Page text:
• Privacy/Surveillance

    • ORG Responds to Government’s proposed changes to the Investigatory Powers Act

      Investigatory Powers Act 2016 Consultation on the Government’s proposed response to the ruling of the Court of Justice of the European Union

      [...]

      “The government has evaded the main point of the Watson judgment: they cannot keep data on a blanket basis.

      “Without narrowing what they keep to specific places, incidents or investigations, these changes will not meet the standards set by the courts.

    • Home Office concedes independent authorisation

      This is major victory for ORG, although one with dangers. The government has conceded that independent authorisation is necessary for communications data requests, but refused to budge on retained data and is pushing ahead with the “Request Filter”.

    • American startups need surveillance reform

      There’s an ongoing debate on the Hill over government surveillance that will impact companies with users abroad, especially startups.

      With a good idea and a connection to the open internet, a small startup anywhere in the U.S. can reach users all over the world, expanding their business and contributing to economic and job growth back home.

    • House Intelligence Committee’s NSA Surveillance Bill Includes New Threats and Old

      Thrown last-minute into a torrent of competing legislation, a new bill meant to expand the NSA’s broad surveillance powers is the most recent threat to American privacy. It increases who is subject to surveillance, allows warrantless search of American communications, expands how collected data can be used, and treats constitutional protections as voluntary.

      The bill must be stopped immediately. There is little time: despite the bill’s evening release yesterday, November 29, a committee is scheduled to markup the bill tomorrow, December 1.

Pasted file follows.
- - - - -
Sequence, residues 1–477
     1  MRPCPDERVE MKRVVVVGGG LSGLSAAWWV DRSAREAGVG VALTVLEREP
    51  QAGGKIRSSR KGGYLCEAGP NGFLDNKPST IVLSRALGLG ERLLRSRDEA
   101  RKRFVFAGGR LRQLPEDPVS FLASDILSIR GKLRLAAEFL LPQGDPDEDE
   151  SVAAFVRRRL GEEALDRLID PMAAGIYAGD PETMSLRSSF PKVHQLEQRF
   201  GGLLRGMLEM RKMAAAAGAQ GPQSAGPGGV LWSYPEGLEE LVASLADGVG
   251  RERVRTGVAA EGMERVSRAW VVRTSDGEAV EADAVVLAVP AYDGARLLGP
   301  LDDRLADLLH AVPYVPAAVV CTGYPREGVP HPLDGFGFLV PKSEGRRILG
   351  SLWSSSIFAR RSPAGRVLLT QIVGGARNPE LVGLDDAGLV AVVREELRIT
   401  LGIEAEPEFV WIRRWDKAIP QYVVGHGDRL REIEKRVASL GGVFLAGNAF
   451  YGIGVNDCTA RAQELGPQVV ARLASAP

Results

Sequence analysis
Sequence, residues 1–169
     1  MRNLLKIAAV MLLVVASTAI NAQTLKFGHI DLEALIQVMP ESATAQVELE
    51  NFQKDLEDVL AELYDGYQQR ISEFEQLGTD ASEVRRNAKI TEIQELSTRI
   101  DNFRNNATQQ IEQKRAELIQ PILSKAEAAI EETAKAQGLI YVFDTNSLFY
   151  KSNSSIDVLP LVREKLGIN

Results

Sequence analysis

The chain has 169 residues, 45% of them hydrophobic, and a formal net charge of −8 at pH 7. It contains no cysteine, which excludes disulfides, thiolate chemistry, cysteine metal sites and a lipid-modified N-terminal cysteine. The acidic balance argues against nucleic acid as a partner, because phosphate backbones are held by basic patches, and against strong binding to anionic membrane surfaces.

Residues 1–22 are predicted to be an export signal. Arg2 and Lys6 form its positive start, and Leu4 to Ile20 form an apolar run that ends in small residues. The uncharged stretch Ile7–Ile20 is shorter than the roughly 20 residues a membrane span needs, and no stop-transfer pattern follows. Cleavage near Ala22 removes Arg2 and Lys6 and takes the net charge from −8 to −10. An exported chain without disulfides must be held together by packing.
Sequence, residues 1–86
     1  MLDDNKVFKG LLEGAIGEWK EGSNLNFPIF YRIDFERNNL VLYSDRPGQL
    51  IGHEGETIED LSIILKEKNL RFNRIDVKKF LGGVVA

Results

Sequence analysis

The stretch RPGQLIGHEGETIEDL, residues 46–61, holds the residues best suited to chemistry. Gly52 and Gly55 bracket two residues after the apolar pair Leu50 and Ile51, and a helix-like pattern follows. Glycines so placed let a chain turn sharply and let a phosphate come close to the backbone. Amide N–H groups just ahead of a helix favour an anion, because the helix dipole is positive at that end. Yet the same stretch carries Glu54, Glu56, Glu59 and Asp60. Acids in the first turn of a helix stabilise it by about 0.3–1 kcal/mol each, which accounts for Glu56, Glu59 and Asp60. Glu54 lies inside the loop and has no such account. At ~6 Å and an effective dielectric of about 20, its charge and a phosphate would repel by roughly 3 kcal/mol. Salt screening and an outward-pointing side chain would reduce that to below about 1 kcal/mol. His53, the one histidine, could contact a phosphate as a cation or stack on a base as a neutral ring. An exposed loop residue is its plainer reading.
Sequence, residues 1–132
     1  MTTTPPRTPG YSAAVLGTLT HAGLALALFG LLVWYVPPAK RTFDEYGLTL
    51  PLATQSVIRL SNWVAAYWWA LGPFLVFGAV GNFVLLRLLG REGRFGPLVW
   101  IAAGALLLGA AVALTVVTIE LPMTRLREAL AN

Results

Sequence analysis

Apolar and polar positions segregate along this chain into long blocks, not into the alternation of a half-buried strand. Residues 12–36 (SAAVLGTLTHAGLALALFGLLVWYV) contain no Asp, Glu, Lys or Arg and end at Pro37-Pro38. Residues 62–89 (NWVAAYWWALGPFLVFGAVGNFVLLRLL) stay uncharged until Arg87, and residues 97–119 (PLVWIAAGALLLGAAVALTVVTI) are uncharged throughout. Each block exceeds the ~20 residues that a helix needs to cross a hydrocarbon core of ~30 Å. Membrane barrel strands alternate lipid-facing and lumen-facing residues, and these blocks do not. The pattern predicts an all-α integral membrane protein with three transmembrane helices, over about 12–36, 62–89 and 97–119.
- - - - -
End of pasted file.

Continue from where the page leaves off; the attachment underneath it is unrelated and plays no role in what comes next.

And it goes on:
The bill is called the FISA Amendments Reauthorization Act of 2017, and it was introduced by Rep. Nunes (R-CA), the Chair of the House Permanent Select Committee on Intelligence. It shares the same name as another bill introduced in the Senate in October.

      Both bills are attempts to reauthorize Section 702 of the FISA Amendments Act, a powerful surveillance authority that allows the NSA to target and collect communications of non-U.S. persons living outside the United States. Section 702 predictably causes the incidental collection of American communications that are swept up during foreign intelligence surveillance, too.

      These are some of the most glaring problems with this House bill.

    • New Surveillance Bill Would Dramatically Expand NSA Powers

      The House Intelligence Committee is rushing a surveillance bill through Congress that violates American privacy rights.

      The USA Patriot Act, passed hurriedly after 9/11, taught us that rushing a surveillance bill through Congress is a bad idea, producing complicated statutes ripe for abuse. Yet the leadership of the House Intelligence Committee is taking a page out of President George W. Bush’s playbook and trying to do just that.

      Tomorrow, the committee will debate a bill that dramatically expands NSA surveillance authorities, including one that is scheduled to expire at the end of the year. The bill was publicly released just last night, giving members of the committee and other legislators less than 48 hours to try to understand the complex proposal.

      Perhaps hoping no one has time to closely read the “FISA Amendments Reauthorization Act of 2017,” sponsors have pitched the measure as one that makes key changes to intelligence authorities to “protect Americans’ privacy rights.” The truth, however, is that it does the exact opposite.

      This is why the ACLU, joined by over 30 organizations from across the political spectrum, is urging members of Congress to oppose the bill. Here are some of the reasons we’re fighting this legislation.

    • Foreign Intelligence Surveillance Act Section 702: Mend It, Don’t End It
    • NSA Secretly Helped Convict Defendants in US Courts, Classified Documents Reveal

      Fazliddin Kurbanov is a barrel-chested man from Uzbekistan who came to the United States in 2009, when he was in his late 20s. A Christian who had converted from Islam, Kurbanov arrived as a refugee and spoke little English. Resettled in Boise, Idaho, he rented an apartment, worked odd jobs, and was studying to be a truck driver.